It has become evident that the lack of common good in the US government’s reaction to COVID-19 leaves us to decide how we can protect ourselves and others. That will not save us from this pandemic.   When governments do not act in the common good, citizens often lack awareness of their responsibility to think beyond their personal situation. The decision to act in a way that supports the common good becomes a personal one and not necessarily endorsed even by one’s peers. When I explained to a friend that we had decided to isolate socially, he asked, “Did you get your doctor’s permission?”  

Holding Space for All That

Yesterday morning as I was practicing my Buddhists chants, a thought came to me. I needed to find a deeper connection with the chants. I decided to pause after each one to connect to the energy that it brought to me. When I paused, I found my hands moving, tears coming, and energy enlivening my body. I allowed space for this energy until it had wholly moved through me. A safe place emerged in which I felt was present and supported by the energy of the chants. I paused to give my body a chance to enjoy the connection to the power of the chant. I had an opportunity for a deeper relationship with my present self. I found the “self without content” that Addie van der Kooy talks about in his videos.  

That chance to be with what is living in me now in a safe way helps me have more space for me after the chanting. It also gives me a chance for a good cry, which doesn’t come easily for me. It gives me space to feel alive. I also have space for “I am alive right now,” and what that means to me.

“Give space for your inner authority to come, let it be your home.”
barebody&soul

As I interact with my friends over how we deal with COVID-19, the threat to our health, the health of our loved ones, and the future of our existence post-pandemic, I remember how l loved reading about Galileo and how he survived the multiple bouts of plague in Italy during his lifetime. It was a time of study, connecting with friends, other scientists, and loved ones via letters across Europe and parts of Asia as he remained his curious and amazing self by continuing his studies of how the universe unfolds.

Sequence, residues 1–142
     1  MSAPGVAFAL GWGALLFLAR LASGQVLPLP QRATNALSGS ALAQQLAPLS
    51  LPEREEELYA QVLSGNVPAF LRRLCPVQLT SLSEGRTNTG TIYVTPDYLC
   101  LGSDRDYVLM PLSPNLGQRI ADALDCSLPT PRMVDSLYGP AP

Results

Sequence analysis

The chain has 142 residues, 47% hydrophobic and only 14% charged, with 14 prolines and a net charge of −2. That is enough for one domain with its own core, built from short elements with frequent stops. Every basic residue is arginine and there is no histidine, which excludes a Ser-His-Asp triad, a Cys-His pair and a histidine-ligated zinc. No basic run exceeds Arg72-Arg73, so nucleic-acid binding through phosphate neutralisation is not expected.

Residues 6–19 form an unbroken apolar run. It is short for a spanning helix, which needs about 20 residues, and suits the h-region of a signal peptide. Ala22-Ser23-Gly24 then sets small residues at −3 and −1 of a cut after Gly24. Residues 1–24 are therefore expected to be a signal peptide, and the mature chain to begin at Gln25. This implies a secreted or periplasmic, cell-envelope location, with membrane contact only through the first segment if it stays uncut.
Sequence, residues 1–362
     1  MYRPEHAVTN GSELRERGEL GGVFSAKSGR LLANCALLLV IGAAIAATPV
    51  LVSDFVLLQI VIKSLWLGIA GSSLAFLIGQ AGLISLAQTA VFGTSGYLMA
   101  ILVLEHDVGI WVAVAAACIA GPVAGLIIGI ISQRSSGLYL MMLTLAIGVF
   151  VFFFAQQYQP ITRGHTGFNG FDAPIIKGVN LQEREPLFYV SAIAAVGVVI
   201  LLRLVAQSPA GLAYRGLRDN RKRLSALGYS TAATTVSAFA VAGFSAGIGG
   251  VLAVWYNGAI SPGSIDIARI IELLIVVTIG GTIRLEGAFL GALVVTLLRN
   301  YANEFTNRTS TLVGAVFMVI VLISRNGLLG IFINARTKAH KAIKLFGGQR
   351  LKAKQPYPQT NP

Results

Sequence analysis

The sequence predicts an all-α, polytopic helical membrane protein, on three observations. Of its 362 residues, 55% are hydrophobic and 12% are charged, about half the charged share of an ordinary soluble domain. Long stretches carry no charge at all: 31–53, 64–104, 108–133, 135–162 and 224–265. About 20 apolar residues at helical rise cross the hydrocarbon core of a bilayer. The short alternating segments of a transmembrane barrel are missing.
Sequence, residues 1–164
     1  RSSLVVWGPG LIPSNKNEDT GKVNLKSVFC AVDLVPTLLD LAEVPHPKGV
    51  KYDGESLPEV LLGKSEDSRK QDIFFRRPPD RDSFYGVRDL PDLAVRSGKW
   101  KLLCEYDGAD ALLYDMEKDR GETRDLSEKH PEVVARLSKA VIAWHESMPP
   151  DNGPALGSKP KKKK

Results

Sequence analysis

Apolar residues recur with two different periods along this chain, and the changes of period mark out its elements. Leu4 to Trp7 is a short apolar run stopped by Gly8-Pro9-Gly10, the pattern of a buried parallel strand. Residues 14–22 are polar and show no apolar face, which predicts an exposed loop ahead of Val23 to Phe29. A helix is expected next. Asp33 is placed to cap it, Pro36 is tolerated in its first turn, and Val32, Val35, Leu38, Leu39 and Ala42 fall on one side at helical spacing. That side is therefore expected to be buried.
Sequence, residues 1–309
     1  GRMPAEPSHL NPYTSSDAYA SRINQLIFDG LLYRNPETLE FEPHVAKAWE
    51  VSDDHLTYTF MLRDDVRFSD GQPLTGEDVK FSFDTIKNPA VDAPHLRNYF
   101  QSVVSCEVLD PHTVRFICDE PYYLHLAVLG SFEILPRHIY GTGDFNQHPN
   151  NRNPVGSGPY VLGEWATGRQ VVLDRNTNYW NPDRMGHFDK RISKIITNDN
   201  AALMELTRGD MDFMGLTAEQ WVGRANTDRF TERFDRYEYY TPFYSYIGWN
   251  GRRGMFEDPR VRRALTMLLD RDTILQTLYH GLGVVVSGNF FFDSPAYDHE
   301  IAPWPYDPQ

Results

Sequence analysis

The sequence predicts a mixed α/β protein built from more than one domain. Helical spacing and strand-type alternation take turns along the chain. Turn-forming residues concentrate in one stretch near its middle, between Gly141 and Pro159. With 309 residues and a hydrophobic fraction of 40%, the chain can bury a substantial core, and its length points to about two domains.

This weekend our yearly St. Patrick’s Day gathering at our home will be via online conferencing so we won’t miss out on being with each other.  

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The Dance of Life: Finding My Own Space in the World

Each training session with Addie builds upon previous learning. This time having connected with my surroundings, what supports me, the silence, my breath, Addie invited me to notice how the chair is holding the weight of my body.

Then Addie invited a further investigation. He said, “there is an invitation to be held by Mother Earth here in a very simple way… just welcome this and the sense of letting go.”

This changed everything for me. My body started pulling back – it reacted to the concept of “Mother Earth” to the word “mother,” especially. To view my mother as if she were like mother earth or mother rock felt like an oxymoron – solid and dependable was not my experience of her.

What then started to emerge is a newly discovered mode of body-based surviving in me. Then more emerged, sparked by an event that happened to me a couple of days before my session with Addie. I witnessed a very overt poisonous attack of one person on another on social media. This attack activated in my body a memory of being on the receiving end of many similar experiences, fuelled by my mother’s rage and hatred. Then out of this, a whole new level of discovery and connection with my start of life experiencing started to emerge.

Addie encouraged me to stay with this womb experience and invited me to see if I can find a place in my body where I felt this “not believing” feeling.

I took Addie’s invitation and stayed with my body and the felt sense, and then spontaneously, words did come: I have finally found my own space in the world. This felt sense, at the time, felt odd yet exciting. It was so new and so unfamiliar. I was delighted and amazed at what came for me. This experience has created in me a spaciousness and a sense of possibility that was not there before. Yes, I have found my own space in the world.